Keith R. Kuhn kkuhn at pennet.net
Sat Jan 20 01:20:06 EST 1996

I noted a posting somewhere earlier on this subject, but 
cannot find it.  My own references provide the following on 
Until recently, all known chemokines could be placed into 
two biochemical superfamilies.  These families could be 
characterized by four cysteine residues in their 
composition.  A cysteine to cysteine bonding motif denoted 
one family (e.g. RANTES) and a cysteine -x- cysteine motif 
denoted the other chemokine family (e.g.IL-8). This C-x-C 
amino acid structures are sometimes referred the -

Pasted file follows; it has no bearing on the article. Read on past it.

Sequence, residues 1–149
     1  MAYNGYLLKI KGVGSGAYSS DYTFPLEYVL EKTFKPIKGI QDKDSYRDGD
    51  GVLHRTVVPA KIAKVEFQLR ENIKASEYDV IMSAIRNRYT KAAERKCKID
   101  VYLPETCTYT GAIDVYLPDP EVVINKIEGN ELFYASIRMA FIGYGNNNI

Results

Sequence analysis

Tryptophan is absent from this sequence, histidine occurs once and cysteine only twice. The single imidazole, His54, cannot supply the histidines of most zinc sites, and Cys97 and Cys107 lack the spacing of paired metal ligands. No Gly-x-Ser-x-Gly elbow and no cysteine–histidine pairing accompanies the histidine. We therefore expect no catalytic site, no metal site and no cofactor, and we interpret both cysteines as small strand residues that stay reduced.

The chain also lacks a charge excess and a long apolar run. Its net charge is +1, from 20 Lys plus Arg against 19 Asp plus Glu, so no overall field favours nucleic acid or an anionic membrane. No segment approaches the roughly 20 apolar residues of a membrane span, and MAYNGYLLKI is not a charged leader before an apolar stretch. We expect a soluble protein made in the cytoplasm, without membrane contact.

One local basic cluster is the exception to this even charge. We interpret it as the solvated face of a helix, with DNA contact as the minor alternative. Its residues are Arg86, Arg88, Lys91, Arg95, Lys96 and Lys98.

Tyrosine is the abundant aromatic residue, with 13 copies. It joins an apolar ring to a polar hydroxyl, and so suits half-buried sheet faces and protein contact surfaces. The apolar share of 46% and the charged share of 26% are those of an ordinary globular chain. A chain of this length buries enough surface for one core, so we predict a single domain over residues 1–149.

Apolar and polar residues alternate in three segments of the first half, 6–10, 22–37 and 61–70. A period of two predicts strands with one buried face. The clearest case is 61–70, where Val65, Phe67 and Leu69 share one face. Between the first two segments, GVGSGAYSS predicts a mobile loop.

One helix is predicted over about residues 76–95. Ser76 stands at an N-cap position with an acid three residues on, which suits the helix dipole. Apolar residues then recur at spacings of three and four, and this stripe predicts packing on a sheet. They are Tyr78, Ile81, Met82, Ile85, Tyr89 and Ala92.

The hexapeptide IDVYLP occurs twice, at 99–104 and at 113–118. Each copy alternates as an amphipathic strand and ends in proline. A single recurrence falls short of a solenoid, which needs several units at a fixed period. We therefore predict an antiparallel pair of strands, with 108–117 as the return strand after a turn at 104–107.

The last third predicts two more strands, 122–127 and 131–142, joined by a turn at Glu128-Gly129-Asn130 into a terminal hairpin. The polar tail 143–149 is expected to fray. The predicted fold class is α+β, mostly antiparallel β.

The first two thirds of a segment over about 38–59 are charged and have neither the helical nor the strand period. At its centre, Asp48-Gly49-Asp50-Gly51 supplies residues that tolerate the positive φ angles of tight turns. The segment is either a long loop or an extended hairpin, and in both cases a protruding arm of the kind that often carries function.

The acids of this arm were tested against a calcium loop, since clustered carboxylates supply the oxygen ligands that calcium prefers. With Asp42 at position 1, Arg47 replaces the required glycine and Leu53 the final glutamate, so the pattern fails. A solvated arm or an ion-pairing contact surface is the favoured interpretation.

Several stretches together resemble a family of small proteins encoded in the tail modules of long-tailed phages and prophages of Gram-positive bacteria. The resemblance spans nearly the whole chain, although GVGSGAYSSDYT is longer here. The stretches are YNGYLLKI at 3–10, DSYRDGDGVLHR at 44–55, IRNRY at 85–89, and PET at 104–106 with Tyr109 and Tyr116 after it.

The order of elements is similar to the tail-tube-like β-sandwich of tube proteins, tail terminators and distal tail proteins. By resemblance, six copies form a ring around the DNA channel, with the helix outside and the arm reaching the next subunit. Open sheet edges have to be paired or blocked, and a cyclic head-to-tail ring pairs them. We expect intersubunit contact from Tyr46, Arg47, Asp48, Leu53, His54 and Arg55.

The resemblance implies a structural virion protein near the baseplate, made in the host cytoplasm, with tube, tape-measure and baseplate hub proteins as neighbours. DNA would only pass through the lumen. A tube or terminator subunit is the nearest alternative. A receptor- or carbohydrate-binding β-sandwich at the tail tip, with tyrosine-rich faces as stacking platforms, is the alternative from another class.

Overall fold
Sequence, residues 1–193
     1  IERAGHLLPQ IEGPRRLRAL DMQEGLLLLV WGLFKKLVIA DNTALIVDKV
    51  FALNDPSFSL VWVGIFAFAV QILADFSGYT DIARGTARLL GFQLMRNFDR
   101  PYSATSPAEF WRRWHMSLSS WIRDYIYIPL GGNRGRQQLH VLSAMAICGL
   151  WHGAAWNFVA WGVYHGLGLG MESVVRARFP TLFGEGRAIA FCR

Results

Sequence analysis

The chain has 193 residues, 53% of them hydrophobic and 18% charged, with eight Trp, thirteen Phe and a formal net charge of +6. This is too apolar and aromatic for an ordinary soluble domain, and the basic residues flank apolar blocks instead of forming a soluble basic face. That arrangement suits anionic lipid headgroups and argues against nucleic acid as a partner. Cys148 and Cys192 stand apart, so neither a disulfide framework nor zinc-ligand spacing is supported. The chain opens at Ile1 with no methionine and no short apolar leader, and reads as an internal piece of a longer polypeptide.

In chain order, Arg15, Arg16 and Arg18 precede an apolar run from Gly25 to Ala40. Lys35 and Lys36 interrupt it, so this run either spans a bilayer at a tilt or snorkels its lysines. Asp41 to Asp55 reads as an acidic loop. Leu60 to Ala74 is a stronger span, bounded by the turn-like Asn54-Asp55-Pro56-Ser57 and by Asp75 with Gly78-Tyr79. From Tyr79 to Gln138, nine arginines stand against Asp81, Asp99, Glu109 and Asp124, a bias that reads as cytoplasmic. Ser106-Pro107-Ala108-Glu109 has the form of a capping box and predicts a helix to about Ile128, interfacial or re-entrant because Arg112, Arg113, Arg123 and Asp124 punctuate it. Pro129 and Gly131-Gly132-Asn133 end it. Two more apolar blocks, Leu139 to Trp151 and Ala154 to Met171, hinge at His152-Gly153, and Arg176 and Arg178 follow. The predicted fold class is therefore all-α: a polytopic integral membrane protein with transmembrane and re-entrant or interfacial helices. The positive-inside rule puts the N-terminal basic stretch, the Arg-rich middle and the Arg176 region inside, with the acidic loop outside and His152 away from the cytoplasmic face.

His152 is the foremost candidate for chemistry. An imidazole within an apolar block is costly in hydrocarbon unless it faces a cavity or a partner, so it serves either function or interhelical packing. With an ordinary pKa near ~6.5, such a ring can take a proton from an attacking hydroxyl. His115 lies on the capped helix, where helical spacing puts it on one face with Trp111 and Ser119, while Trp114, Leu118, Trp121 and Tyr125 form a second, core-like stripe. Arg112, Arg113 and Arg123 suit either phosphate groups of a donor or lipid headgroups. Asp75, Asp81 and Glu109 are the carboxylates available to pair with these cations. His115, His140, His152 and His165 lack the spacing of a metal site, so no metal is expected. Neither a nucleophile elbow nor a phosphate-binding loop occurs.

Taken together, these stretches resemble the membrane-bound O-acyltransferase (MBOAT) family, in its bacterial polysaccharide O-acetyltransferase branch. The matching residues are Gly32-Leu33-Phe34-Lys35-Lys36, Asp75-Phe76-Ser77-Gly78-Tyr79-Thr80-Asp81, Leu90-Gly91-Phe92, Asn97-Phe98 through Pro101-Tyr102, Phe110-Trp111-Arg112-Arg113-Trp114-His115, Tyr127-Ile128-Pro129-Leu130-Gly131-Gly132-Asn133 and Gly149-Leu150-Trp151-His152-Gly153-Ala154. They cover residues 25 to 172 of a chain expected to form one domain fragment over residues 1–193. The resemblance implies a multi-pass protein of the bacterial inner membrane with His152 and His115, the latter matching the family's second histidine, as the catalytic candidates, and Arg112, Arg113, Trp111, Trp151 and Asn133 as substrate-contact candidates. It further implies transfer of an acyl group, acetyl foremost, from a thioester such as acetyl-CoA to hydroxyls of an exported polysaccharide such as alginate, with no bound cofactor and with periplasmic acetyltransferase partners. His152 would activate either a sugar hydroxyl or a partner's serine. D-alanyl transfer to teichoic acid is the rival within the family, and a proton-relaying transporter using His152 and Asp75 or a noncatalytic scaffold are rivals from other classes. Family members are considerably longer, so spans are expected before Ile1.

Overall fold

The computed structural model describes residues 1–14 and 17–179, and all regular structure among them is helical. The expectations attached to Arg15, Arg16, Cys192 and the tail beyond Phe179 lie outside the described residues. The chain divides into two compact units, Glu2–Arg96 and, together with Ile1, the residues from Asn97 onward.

chemokine family and the C-C amino acid structures the  
-chemo-kines.   RANTES are produced by T cells and act 
mainly on CD4+ T cells and monocytes.  Rantes made from 
recombinant DNA expressed in E. coli are commercially 
OK, what I would like to know, is from where is the term 
"rantes" derived.  What does it stand for?  I run into this 
problem of technical jargon may times when scanning the 
journals and usually my references will provide a 
clarification.  Here they have failed my.  Thanks for any 
help you care to provide.

More information about the Immuno mailing list